A Surprising Solution to the Impeachment Morass

 politico.com  01/16/2020 10:06:43 

Moreover, although it is clear that Trump withheld the Ukrainian aide to advance his own political interests, additional testimony confirming this fact by Bolton is unlikely to sway enough Republican senators to achieve a two-thirds vote to remove Trump from office. Many Republican lawmakers, if given truth serum, would probably admit the presidents conduct involving Ukraine was not good. Yet many of them also genuinely believe Trump should not be ousted from the White House for this offense, especially with a presidential election on the horizon.

Similarly, not all Democrats (or their constituents) think the presidents conduct warrants removal, even if they feel it was reckless. Americans must confront the fact that there are good-faith differences on the impeachment and removal question that must be respected, not dismissed as insincere or illegitimate.

Few senators of either party want to be mired in this lose-lose situation. It is far better to gain something beneficial for the country and move on.

This is where new legislation comes in: With Pelosis consent, Senate leaders should structure a deal by which the impeachment proceedings would be halted pending agreement on definitive, bipartisan legislation that prevents any president (including the current one) or any other federal official from soliciting or accepting foreign involvement in domestic elections or political matters. Such a law would be enforceable by both federal and state prosecutors and punishable by substantial jail time. (A bill sponsored by Sen. Mark Warner and others to prevent foreign influence in U.S. elections, currently stalled in the Senate, is a good starting point.) Once those details were hashed out, and approved by the House and Senate, Congress would send this bipartisan bill to the president to sign.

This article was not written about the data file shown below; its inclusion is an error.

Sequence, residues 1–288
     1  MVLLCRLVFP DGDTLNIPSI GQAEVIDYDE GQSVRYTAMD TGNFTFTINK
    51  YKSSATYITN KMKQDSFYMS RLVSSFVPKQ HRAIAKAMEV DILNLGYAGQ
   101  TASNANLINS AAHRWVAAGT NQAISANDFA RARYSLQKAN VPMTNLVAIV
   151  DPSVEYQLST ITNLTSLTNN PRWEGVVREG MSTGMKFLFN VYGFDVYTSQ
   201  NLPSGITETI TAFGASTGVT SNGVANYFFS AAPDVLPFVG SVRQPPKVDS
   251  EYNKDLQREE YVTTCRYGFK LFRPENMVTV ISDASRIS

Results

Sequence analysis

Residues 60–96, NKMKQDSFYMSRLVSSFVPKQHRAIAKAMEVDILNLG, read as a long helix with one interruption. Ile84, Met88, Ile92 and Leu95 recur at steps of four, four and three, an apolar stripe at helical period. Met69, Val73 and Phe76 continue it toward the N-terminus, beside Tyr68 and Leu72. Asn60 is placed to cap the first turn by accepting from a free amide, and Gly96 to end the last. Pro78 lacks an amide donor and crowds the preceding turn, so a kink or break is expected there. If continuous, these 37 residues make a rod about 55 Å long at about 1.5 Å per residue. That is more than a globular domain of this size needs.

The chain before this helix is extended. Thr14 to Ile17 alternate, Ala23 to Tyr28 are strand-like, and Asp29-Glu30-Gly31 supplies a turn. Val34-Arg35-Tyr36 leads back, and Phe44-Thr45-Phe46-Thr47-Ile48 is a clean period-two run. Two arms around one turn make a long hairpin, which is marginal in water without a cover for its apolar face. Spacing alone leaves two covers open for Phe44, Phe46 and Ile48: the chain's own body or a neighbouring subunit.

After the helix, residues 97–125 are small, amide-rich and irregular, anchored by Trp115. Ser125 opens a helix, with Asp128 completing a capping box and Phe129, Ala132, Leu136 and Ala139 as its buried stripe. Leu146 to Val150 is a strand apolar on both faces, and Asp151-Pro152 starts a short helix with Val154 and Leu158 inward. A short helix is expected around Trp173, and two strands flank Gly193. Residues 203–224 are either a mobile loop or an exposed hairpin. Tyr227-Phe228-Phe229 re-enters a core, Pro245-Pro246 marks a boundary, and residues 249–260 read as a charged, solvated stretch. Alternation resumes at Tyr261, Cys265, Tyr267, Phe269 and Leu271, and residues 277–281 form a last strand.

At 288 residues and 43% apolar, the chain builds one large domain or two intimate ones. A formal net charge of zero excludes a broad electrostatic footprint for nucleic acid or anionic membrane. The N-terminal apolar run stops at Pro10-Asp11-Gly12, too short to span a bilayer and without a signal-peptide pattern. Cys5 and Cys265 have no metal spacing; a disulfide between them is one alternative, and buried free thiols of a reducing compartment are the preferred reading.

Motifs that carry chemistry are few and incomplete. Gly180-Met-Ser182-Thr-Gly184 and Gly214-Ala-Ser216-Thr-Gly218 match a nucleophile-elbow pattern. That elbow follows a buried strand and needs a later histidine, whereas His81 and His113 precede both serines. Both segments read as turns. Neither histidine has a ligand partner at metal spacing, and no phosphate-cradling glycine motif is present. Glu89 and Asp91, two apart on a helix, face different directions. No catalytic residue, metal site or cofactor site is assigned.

Why would both sides agree on such legislation?

Because it would contain a provision that, if the president signed it into law without any additional statements seeking to limit it, both sides would agree to dismiss the impeachment articles without the need for a Senate trial. (And its hard to imagine that the presidents legal team wouldnt twist his arm to accept this partial win and move on.) Enacting such legislation would make a clear statement that foreign intervention in our elections is a serious matter and will not be tolerated. And presidents moving forward would be on notice that manipulating or consorting with foreign governments to extract personal political gain is unlawful.

That would be a major win for the whole country.

There is the complicating matter of the memo, coming from the Office of Legal Counsel, that states that a sitting president cannot be indicted. However, a president could not violate this new law without serious consequences.

If unambiguous legislation of this sort were adopted, a president would be guilty of an impeachable offense per se if he or she defied it. That is, it would be such a clear violation of the law that it would be nearly impossible to defend the president without triggering a public revolt. Senators would risk their own careers by defending such a flagrant law violation. Moreover, those individuals surrounding the president would be on notice that if they carried out the presidents orders and engaged in such conduct, they would go to jail. That would provide multiple inducements for future occupants of the White House to refrain from repeating such sins of self-interest. Its also possible such a flagrant law violation could also cause a repudiation of the current OLC memo and permit an indictment to be issued against the president.

The late Congressman Henry Hyde told me during book interviews that, despite losing the Senate trial and receiving flak for his role in the Clinton impeachment imbroglio, he was proud that hed pursued the prosecution so vigorously because Clinton would forever have an asterisk next to his name as the second president ever impeached by the House. When I conveyed this remark to Clinton during an interview in 2004, he became red-faced and exclaimed: Yeah. I hope Ill have two asterisks. The second is [I] beat them, and [I] beat them like a yard dog!

In the end, such competing, strident declarations of victory on both sides may be the best outcome we can hope for.

If a deal is struck to wrap up the Senate trial quickly after suitable legislation is enacted, Democrats will be able to boast that Trump has a permanent blot on his record as the third president ever impeached by the House of Representatives and that corrective legislation was achieved. Yet Republicans, including Trump himself, will be able to crow that he was acquitted of all charges and that such legislation was a minor deal.

And maybe, just maybe, members of both parties can feel they rose above the ugly partisanship that has consumed our nation for too long; that they did their constitutional duties and put the best interests of the country first; and they figured out how to get a half loaf while keeping the house of government intacta hallmark of true public service.

That would be a surprisingly good start to a fresh decade in the Capitol.

« Go back